The monster under my bed isn’t your typical monster. It’s small, unassuming. It barely looks scary at all. But I know how it operates. I know what it can do.
It’s been under my bed for three years now because I haven’t been able to bring myself to get rid of it. I should have thrown it out a long time ago.
Last night, I pulled the huge clear storage tub that I use as a parental medicine caddy out from underneath my bed because it was past time for its yearly cleaning and reorganization — you know, shredding old records and receipts, categorizing the ones we still need for taxes, wading through the pond of empty prescription pill bottles, making note of the refills and tossing the rest, checking Daddy’s current supply on hand, etc. (It was always so much easier to keep everything pertaining to Mama and Daddy’s health battles all together in one place.)
Near the end of my task, I saw one of the two things I’ve kept around since Mama succumbed after a six-year-battle to her cancers in 2012 — a small bag of the wound dressings, sterile gauze pads, and swab-sticks that we used after her autologous stem cell harvesting in 2007. The gauze is perfectly usable, but there is something about keeping it sealed and exactly the way it is that makes me feel physically closer to her, as if she’s only in another room. (Well, I suppose that is the truth, depending on how you look at it.)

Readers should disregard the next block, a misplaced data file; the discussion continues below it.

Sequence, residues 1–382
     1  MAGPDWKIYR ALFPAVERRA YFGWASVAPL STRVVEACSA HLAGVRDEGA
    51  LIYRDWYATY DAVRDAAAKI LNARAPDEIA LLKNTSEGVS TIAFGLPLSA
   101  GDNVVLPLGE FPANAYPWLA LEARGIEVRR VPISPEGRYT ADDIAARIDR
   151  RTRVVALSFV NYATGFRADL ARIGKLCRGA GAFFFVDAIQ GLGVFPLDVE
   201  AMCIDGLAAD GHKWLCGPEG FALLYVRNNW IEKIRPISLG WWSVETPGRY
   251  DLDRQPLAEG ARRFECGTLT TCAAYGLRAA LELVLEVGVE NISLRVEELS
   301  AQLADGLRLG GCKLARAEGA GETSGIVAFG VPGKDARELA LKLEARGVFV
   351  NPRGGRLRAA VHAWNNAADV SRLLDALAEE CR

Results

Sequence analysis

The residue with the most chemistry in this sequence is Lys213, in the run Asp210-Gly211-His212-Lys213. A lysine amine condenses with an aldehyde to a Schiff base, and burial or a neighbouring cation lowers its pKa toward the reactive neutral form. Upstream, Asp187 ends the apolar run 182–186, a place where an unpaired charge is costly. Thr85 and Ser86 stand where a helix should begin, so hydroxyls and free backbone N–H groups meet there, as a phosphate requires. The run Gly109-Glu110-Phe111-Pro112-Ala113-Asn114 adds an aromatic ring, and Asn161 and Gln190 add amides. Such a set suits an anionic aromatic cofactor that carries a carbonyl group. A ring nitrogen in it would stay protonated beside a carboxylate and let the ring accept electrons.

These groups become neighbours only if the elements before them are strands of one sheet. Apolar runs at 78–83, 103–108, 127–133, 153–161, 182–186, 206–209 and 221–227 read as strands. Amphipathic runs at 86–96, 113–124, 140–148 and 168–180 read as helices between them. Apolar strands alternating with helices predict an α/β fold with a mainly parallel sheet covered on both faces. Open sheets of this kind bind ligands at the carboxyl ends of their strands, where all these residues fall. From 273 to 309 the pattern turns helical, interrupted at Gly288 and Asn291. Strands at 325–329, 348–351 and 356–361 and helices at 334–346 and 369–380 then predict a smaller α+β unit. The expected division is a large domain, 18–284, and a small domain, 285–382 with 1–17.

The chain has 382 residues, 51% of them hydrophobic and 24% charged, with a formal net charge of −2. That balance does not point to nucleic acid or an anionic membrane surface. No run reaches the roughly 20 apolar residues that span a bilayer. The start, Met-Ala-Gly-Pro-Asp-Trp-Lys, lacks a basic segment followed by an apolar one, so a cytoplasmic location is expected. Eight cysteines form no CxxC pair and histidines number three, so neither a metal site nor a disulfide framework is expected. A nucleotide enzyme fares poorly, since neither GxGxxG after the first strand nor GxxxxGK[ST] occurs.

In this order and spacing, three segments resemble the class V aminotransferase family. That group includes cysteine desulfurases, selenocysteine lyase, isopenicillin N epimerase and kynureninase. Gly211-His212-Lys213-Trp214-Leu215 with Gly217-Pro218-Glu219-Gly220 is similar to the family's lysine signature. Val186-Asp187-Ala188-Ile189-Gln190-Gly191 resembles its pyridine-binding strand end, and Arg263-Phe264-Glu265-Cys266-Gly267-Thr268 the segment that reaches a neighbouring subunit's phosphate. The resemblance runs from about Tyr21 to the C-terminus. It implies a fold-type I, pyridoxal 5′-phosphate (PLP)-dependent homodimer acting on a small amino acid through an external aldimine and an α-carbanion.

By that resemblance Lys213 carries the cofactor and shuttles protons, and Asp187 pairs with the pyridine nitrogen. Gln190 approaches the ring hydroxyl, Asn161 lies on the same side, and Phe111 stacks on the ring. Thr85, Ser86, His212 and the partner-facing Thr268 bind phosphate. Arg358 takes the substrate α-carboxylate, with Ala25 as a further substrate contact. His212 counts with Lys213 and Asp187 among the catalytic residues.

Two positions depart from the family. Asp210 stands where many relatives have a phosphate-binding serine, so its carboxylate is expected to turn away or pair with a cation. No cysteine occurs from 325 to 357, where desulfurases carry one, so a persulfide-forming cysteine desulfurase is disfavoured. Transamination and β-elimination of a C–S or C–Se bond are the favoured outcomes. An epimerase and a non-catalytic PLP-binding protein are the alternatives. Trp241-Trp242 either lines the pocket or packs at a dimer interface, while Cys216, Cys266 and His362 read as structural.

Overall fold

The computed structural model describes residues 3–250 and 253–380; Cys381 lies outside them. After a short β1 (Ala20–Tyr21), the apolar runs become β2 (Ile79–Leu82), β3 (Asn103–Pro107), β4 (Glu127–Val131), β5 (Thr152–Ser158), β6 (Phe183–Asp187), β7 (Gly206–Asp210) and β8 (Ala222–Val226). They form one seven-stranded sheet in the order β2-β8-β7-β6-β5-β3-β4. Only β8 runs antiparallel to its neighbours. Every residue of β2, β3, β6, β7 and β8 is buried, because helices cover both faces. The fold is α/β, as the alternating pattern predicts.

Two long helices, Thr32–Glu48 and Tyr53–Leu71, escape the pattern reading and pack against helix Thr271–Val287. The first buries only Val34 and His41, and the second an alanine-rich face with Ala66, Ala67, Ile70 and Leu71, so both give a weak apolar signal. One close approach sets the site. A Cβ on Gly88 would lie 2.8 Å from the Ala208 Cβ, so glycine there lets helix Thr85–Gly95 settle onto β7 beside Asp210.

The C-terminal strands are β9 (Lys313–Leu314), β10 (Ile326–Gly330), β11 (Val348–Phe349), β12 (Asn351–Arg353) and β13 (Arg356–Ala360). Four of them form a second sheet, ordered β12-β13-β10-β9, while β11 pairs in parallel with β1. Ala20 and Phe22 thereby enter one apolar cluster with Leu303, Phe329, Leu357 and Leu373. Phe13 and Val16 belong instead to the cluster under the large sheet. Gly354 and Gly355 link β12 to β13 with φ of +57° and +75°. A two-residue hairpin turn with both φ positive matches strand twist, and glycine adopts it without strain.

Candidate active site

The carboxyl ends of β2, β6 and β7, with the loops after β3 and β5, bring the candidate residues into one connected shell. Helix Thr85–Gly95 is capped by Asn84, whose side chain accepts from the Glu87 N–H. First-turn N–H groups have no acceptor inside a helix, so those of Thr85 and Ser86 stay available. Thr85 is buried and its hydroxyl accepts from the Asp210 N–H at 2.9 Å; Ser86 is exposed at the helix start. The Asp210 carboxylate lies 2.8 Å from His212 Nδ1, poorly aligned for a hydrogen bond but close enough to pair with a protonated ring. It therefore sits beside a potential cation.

And then, I saw it. The second of the two things. The monster.
It still sticks in my craw, how in a six-year span my strong, gorgeous, I-have-a-gentle-soul-but-I-will-hurt-you-if-you-mess-with-my-family Mama fought off mycosis fungoides, multiple myeloma, breast cancer, temporary steroid-induced diabetes, endured radiation, chemo, blood clots in her lungs, stem cell harvesting and the transplant itself, was cut on and cut on and CUT on and beat all of this crap into submission in record time… Only to be laid low when this unassuming little pill came on the scene.
When she unexpectedly came out of remission right after Thanksgiving in 2011, we were confident and ready for war. It never occurred to us that we wouldn’t kick the myeloma’s ass just like the first time. Just like the breast cancer. Just like the “Red Devil” high-dose chemotherapy and everything else. Her body was a miracle machine that had even her doctors stunned with its ability to bounce back. And so, Revlimid treatment (something we’d never used before but had to this go around) began.
We weren’t prepared for how fully this stuff took away all of her strength. Within a week, Mama could no longer walk or even hold a coffee cup without dropping it and burning herself. We had to physically carry her around the house. I wanted to take her off of it immediately, but I was afraid of the myeloma. When I called her oncologist for advice, she was out of town and the office suggested a general practitioner see my mom. I didn’t like that idea. Dr. Lynn was the best of the best, and I only trusted her. So, the office suggested we wait until the next week when she’d be back. After explaining the situation in detail, I asked if I should just take Mama to the hospital ER because if they thought things were grave, I absolutely would. They said no, it should be okay. So, I sat tight.
Sometime during those next few days, I wasn’t having it anymore and took Mama off of the Revlimid myself.